Then have your child put things in rows and columns.

Or just have her draw dots.

 

Nights of camping

The following conversation took place in the run-up to our annual summer camping trip recently.

Rachel has no interest in camping, so this ritual is all mine. I started the little ones young with a one-night trip within an hour from home so that we could come home if it’s a total disaster. As they have aged and we have developed our routines, we have gone further afield, exploring wide-ranging Minnesota state parks for two-night stays. We added a weekend fall trip, too.

Last summer, the kids began to ask why “we only go for two nights”.

Ladies and gentlemen, when the kids ask that question, you know you’re doing it right.

So this summer we are expanding to three nights. Tabitha was thinking about that change the other day.

I am straightening some things on the front porch, sweeping and tidying. Not thinking about anything in particular.

Tabitha (7 years old): If we’re going for three nights, is that 2 days and 2 half-days?

Me: Yes.

A few seconds pass.

I realize that I have an opportunity here.

Me: How did you think about that?

T: Every night is a day, except the last one, when we go home.

Me: What if we went for a whole week’s worth of nights? What if we went camping for 7 nights?

T: Easy. Six days.

Me: And?

T: Two half-days.

Me: OK. Ready for a hard one?

T: Yeah!

Me: There are 365 days in a year. So what if we went camping for 365 nights?

T: [slowly] Three…hundred…sixty…four!

Me: Nice!

T: I can even do 400.

Me: You mean 400 nights of camping? You know how many days that would be?

T: Yeah.

Me: All right. Tell me.

She does.

Later, she is in the shower. I am not-so-closely supervising nearby. I get an idea.

Me: Tabitha, what if we wanted seven days of camping?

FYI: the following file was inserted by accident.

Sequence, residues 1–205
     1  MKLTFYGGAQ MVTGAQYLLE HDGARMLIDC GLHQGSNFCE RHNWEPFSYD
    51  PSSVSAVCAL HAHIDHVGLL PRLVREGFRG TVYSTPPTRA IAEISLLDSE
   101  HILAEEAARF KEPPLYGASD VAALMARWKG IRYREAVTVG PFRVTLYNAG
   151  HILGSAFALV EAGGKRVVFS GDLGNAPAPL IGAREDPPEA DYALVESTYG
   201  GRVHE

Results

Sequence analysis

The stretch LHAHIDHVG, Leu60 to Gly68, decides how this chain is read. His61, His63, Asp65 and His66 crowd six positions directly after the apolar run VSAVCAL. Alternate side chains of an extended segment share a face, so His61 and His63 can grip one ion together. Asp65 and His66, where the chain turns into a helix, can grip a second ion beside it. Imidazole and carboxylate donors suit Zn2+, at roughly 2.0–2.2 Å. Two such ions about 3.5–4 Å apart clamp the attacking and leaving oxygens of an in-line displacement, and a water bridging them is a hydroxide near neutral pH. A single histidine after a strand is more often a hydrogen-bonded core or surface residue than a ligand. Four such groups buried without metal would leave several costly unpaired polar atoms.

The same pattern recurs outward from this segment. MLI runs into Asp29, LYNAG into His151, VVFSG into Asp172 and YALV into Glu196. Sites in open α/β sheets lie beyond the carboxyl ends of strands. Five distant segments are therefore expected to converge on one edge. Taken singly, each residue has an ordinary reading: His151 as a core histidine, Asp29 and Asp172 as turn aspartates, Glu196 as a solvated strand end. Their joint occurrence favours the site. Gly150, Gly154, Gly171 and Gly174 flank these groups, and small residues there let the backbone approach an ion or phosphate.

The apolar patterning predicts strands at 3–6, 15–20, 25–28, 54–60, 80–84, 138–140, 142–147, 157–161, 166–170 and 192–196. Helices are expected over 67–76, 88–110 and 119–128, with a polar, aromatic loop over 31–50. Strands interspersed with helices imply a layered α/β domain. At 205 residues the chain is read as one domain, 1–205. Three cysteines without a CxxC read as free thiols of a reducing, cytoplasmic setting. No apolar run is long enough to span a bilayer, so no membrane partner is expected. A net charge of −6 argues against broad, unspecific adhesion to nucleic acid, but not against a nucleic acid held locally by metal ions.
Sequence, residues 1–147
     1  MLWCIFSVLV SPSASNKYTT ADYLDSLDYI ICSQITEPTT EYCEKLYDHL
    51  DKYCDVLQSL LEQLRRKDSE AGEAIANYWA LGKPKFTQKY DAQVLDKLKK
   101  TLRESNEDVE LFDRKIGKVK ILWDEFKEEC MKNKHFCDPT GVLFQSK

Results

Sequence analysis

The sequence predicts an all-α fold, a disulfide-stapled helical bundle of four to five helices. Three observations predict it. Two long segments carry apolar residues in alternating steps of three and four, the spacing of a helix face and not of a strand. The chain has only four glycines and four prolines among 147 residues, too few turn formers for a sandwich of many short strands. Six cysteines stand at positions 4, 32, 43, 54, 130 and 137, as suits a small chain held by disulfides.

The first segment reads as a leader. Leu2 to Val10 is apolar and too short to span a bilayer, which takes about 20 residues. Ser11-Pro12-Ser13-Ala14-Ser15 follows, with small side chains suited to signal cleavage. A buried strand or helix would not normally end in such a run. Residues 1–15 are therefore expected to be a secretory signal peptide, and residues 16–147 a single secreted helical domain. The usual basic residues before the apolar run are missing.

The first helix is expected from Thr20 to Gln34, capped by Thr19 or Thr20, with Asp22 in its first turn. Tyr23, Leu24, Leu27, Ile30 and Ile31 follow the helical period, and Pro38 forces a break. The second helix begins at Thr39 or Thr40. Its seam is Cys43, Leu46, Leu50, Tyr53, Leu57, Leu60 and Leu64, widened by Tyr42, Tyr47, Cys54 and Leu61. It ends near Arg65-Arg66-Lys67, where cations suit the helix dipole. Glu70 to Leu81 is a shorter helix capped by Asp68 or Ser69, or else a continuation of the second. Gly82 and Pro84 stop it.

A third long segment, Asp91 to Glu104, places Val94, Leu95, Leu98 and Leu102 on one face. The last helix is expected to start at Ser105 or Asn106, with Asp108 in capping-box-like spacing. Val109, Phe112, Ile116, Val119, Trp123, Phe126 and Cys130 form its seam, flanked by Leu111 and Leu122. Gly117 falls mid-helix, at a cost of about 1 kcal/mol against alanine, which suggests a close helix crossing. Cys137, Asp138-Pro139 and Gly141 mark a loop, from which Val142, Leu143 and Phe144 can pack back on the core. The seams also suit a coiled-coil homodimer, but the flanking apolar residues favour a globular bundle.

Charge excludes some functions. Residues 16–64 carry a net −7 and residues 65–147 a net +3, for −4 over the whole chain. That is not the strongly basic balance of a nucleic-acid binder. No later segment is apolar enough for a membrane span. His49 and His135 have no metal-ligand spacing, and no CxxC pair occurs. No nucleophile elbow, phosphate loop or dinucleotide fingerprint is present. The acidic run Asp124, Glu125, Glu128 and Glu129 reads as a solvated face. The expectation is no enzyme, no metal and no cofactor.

T: How many nights?

Me: Right.

T: Eight. Am I right?

Me: I can’t trick you at all, can I?

T: Ask me another!

Again, a sign that things are going well. Contrast with her claim a couple years back, “Sometimes I don’t want to tell you about numbers because it’s just going to turn into a big Daddy math talk!”

I have to think hard to dig up something that will be more challenging for her.

Me: You want a hard one? A really hard one?

T: Yes!

Me: Last year, we went camping twice. Altogether, we camped 4 nights. How many days did we have?

T: Three…five…

It turns out that Griffin is lingering in hallway outside the bathroom. He chimes in.

Griffin (9 years old): Four.

Me: Two days, and four half-days.

G: Right. That’s four.

Me: But she’s thinking about it as four half-days, since they aren’t attached to each other. I can see an argument either way.

This summer’s trip was to Lake of the Woods in the far northern reaches of Minnesota.

Griffin posing with an oversized walleye statue in Baudette, MN

So what do we learn?

It may surprise some readers that I have filed this conversation under Algebra.

Like many of the other algebra posts, we are not using x or y, or making graphs or solving for variables. Instead we are thinking about a relationship, and about what that relationship looks like for a wide variety of numbers.

The relationship we are working with here is a simple one: one less. Tabitha had noticed that the number of full days we camp is one less than the number of nights we camp. She had even generalized the idea—notice that she didn’t count the days individually. She said, “Every night is a day, except the last one.” This answer doesn’t depend on any particular number of days; it works for all numbers of days.

What I did in this conversation was help her to apply this idea. By asking her about a wide range of numbers of days, she got to feel the power of her generalization. That is algebra.